Vancouver’s Telus Communications could be the big winner in the province of Alberta’s pursuit to connect its rural communities with a high-speed broadband network, despite losing a tight bidding battle for the contract to build the network to upstart competitor Bell Intrigna.
Alberta’s Minister of Innovation and Science Lorne Taylor announced last month that it has awarded the $193 million contract to a consortium lead by competitive local exchange carrier Bell Intrigna, an off-shoot of Bell Canada that competes in the western provinces. But in order to meet the province’s goal of connecting 420 rural communities within three years, it expects Bell Intrigna to create and build the network infrastructure “through a combination of leasing existing fibre lines – ones currently in use as well as lines that have not yet been activated – and by installing fibre optic cable lines to areas that do not have high-speed broadband service.”
As Bell Intrigna’s network is not yet extensive in the West, it appears likely that the company will end up becoming a wholesale customer of Telus, said Iain Grant, a telecommunications analyst with The Yankee Group in Canada in Brockville, Ont.
“Bell will be purchasing, at least in the short term, much of their facilities from Telus,” Grant suggested.
The province of Alberta added that incumbent players like Telus and Shaw Communications could also benefit through potential revenue from a “new and extended customer base.”
The government will be the anchor tenant of the proposed high-speed “SUPERNET” network, as it connects every hospital, school, library and government facility in the province, but officials hope service providers will use these fibre optic points of presence to build and market high bandwidth solutions to homes and businesses in the area.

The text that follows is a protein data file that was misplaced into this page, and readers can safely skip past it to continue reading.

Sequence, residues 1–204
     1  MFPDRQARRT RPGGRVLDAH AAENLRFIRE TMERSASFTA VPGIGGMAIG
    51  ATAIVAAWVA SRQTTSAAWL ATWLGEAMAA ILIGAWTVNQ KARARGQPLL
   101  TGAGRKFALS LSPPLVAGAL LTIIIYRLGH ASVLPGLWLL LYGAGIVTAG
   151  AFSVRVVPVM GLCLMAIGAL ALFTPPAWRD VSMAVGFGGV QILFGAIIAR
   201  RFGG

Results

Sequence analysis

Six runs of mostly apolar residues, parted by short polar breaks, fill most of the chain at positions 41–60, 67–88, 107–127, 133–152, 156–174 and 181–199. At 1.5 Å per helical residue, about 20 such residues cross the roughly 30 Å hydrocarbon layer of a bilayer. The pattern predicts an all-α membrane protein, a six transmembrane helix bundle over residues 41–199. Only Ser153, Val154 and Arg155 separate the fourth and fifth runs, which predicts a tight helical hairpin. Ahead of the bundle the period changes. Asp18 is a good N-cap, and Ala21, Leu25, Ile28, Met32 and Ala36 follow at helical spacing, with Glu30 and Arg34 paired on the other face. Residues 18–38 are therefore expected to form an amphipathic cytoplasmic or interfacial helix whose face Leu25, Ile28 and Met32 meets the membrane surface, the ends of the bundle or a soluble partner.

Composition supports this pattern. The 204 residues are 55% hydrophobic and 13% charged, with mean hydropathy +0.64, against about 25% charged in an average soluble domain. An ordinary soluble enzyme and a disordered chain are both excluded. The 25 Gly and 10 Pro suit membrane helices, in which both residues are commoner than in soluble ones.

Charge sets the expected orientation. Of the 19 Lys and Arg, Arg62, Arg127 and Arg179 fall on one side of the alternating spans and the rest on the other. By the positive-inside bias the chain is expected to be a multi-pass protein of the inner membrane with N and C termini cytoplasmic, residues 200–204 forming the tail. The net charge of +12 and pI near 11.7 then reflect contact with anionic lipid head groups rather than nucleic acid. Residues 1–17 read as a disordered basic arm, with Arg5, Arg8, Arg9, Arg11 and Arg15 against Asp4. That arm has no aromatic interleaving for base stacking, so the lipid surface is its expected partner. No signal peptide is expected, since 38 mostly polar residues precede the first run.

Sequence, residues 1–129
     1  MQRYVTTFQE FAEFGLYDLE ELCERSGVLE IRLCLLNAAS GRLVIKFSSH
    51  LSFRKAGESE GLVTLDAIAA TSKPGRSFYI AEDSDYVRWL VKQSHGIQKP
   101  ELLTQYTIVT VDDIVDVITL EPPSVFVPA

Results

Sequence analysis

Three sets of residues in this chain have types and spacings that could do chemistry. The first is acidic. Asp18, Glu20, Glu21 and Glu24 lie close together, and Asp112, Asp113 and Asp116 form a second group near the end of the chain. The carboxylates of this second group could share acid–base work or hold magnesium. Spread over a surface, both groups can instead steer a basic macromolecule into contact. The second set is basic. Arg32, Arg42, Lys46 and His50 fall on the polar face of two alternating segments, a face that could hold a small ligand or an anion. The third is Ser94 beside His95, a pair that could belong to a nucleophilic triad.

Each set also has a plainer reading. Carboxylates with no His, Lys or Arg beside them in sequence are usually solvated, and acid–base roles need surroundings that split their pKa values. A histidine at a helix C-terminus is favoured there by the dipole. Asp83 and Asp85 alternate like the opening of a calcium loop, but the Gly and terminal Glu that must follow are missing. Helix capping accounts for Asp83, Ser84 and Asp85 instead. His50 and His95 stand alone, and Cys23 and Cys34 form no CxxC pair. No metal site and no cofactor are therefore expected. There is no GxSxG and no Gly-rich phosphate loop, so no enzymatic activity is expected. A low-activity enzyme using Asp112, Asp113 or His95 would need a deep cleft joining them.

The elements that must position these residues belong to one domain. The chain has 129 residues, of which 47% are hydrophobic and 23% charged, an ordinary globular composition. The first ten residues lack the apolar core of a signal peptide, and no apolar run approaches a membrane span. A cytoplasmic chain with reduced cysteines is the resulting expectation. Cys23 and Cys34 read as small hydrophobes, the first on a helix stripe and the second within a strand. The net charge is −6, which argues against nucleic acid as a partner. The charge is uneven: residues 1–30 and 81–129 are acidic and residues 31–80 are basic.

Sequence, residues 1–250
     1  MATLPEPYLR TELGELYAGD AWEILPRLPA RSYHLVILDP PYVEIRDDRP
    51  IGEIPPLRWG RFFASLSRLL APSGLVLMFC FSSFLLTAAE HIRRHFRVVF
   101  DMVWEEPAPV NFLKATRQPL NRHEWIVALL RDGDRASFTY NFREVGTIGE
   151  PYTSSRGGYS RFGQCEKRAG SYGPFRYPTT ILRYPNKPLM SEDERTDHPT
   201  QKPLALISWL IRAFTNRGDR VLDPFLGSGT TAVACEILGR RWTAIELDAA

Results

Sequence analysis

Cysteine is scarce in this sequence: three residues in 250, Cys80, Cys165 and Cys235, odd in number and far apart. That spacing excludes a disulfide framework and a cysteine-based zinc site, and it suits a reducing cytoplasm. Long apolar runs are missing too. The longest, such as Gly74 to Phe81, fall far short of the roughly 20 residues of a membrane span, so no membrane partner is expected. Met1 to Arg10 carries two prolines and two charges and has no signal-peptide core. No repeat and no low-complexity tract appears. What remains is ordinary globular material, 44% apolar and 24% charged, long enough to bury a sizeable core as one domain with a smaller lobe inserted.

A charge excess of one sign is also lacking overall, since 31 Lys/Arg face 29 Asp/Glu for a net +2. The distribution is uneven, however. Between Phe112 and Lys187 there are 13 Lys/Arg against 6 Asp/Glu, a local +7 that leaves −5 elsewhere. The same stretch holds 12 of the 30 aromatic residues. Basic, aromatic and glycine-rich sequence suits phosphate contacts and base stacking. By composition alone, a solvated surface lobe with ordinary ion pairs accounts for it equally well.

Alberta’s Axia/Netmedia will be responsible for the management and maintenance on the extended area network. The company will also ensure that any company wanting to buy into the network can do so to help provide Internet or telecommunications services to communities across the province.
The province was careful not to promise any specific throughput speeds that will be available on the network, but analysts believe the fibre connections will allow for 10Mbps to 100Mbps Internet service to the government’s institutions.
“Pursuits such as this are precisely what is going to empower rural Canada,” Grant said. “It gives the same access to high-speed services in rural Canada that we now have in the cities.”
Despite some recent criticism levied against former federal Industry Canada Minister John Manley for his recent announcement of a task force to study a similar high-speed cross-Canada network, Grant said governments have been left with no choice but to get involved in connecting the country with Internet access.
“If private companies really wanted to be in Pilot Mound, Manitoba, I’m sure they’d be beating a path there,” he cracked. “I think there’s certainly a role for governments to extend those networks to areas where the commercial worth would not dictate that it be a priority.”
Cisco Systems, Microsoft Corp., Brampton, Ont.’s Nortel Networks Corp. and Vancouver’s 360networks make up the Bell Intrigna consortium, along with Alberta companies TotalTelcom, Wi-Lan Inc. and Netricom.
For more information, visit www.innovation.gov.ab.ca/supernet.